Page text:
11 Incredible Health Benefits of Apples

by Meenakshi Nagdeve last updated - Medically reviewed by Vanessa Voltolina (MS, RD)

 Likes  Comments

Apples are some of the most popular and delicious fruits on the planet. There is nothing like biting into a bright, red, sweet, juicy apple to quench your thirst and satisfy your sweet tooth while boosting your health in a major way. There are more than 7,500 varieties of these delicious fruits and they come in a variety of colors namely red, yellow, and green

In addition to being delicious, the health benefits of apples include the prevention of cardiac and GI disorders, constipation, anemia, and diabetes. They may also help relieve symptoms of rheumatism, a variety of cancers, gout, and Alzheimer’s and Parkinson’s diseases. Apples help in reducing weakness, providing relief from dysentery, and promoting digestion. Finally, they are known to aid in dental and skincare.

What are Apples?

Apples (Malus domestica) are pomaceous fruits produced by apple tree that belongs to the Rosaceae familyThe skin of apples is thin but sturdy and the inner flesh is thick and juicy; the fruit, it softens as it ripens. The inner core holds the seeds, which can be detrimental for your health if consumed in excess. The nutrients are in the flesh and the skin, which are a rich source of anthocyanins and tannins. The expression remains true: ‘An apple a day keeps the doctor away!’

In 2010, the complete genome of the apple was decoded, which has led to an increase in research and understanding of why apples are so beneficial for our health, and what specific components are responsible for the boost they provide! Let’s take a look at some of those essential components of one of the world’s favorite and healthiest fruits!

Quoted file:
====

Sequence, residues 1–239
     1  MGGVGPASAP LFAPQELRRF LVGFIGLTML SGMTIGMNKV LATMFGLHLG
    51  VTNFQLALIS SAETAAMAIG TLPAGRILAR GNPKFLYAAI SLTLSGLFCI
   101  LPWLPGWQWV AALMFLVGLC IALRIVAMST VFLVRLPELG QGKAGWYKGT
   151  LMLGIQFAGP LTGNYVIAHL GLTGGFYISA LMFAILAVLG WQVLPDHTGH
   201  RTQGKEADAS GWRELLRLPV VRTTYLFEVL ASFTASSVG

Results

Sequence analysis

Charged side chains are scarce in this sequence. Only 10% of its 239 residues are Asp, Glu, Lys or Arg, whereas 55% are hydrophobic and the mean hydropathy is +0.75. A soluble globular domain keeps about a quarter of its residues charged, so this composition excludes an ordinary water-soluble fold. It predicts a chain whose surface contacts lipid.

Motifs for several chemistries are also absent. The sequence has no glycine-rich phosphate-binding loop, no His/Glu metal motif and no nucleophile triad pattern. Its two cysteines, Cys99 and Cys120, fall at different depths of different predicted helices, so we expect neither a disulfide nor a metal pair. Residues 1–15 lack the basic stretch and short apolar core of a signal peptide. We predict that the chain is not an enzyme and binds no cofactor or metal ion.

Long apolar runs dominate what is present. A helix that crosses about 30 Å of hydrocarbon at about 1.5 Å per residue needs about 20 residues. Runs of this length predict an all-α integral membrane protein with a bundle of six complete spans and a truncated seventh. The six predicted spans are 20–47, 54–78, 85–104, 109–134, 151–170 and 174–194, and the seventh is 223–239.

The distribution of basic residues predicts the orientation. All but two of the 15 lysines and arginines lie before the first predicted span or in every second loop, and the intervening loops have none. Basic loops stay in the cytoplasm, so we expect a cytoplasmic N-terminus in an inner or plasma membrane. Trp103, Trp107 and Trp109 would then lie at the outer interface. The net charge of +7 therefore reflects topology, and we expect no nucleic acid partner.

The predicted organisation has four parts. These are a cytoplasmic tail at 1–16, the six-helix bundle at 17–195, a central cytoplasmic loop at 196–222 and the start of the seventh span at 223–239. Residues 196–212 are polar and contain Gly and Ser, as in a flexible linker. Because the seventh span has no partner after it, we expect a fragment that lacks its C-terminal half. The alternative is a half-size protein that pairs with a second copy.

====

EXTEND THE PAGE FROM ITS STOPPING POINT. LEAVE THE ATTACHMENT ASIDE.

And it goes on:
Watch Video: 7 Amazing Benefits of Apple

7 Amazing Benefits Of Apple | Organic Facts

Apple Nutrition

According to the USDA National Nutrient Databaseapples contain many essential nutrients, vitamins, and minerals. They are free of fat, sodium, and cholesterol. Antioxidants, potassium, dietary fiber, vitamin C, and a few vitamin B (niacin, vitamin B6) are responsible for the health benefits attributed to apples.

The other important nutrients in apple include calcium, vitamin K, iron, copper, phosphorus, and magnesium. They are also packed with phytonutrients and flavonoids, like quercetin, epicatechin, phloridzin, and other polyphenolic compounds.

They are energy-dense and water-rich fruits which helps you feel full. They are rightly called “nutritional powerhouses”.

Nutrition Facts

Apples, raw, with skin (Includes foods for USDA's Food Distribution Program)
Serving Size :
NutrientValue
Water [g]85.56
Energy [kcal]52
Energy [kJ]218
Protein [g]0.26
Total lipid (fat) [g]0.17
Ash [g]0.19
Carbohydrate, by difference [g]13.81
Fiber, total dietary [g]2.4
Sugars, total including NLEA [g]10.39
Sucrose [g]2.07
Glucose (dextrose) [g]2.43
Fructose [g]5.9
Starch [g]0.05
Calcium, Ca [mg]6
Iron, Fe [mg]0.12
Magnesium, Mg [mg]5
Phosphorus, P [mg]11
Potassium, K [mg]107
Sodium, Na [mg]1
Zinc, Zn [mg]0.04
Copper, Cu [mg]0.03
Manganese, Mn [mg]0.04
Fluoride, F [µg]3.3
Vitamin C, total ascorbic acid [mg]4.6
Thiamin [mg]0.02
Riboflavin [mg]0.03
Niacin [mg]0.09
Pantothenic acid [mg]0.06
Vitamin B-6 [mg]0.04
Folate, total [µg]3
Folate, food [µg]3
Folate, DFE [µg]3
Choline, total [mg]3.4
Betaine [mg]0.1
Vitamin A, RAE [µg]3
Carotene, beta [µg]27
Cryptoxanthin, beta [µg]11
Vitamin A, IU [IU]54
Lutein + zeaxanthin [µg]29
Vitamin E (alpha-tocopherol) [mg]0.18
Vitamin K (phylloquinone) [µg]2.2
Fatty acids, total saturated [g]0.03
14:0 [g]0
16:0 [g]0.02
18:0 [g]0
Fatty acids, total monounsaturated [g]0.01
18:1 [g]0.01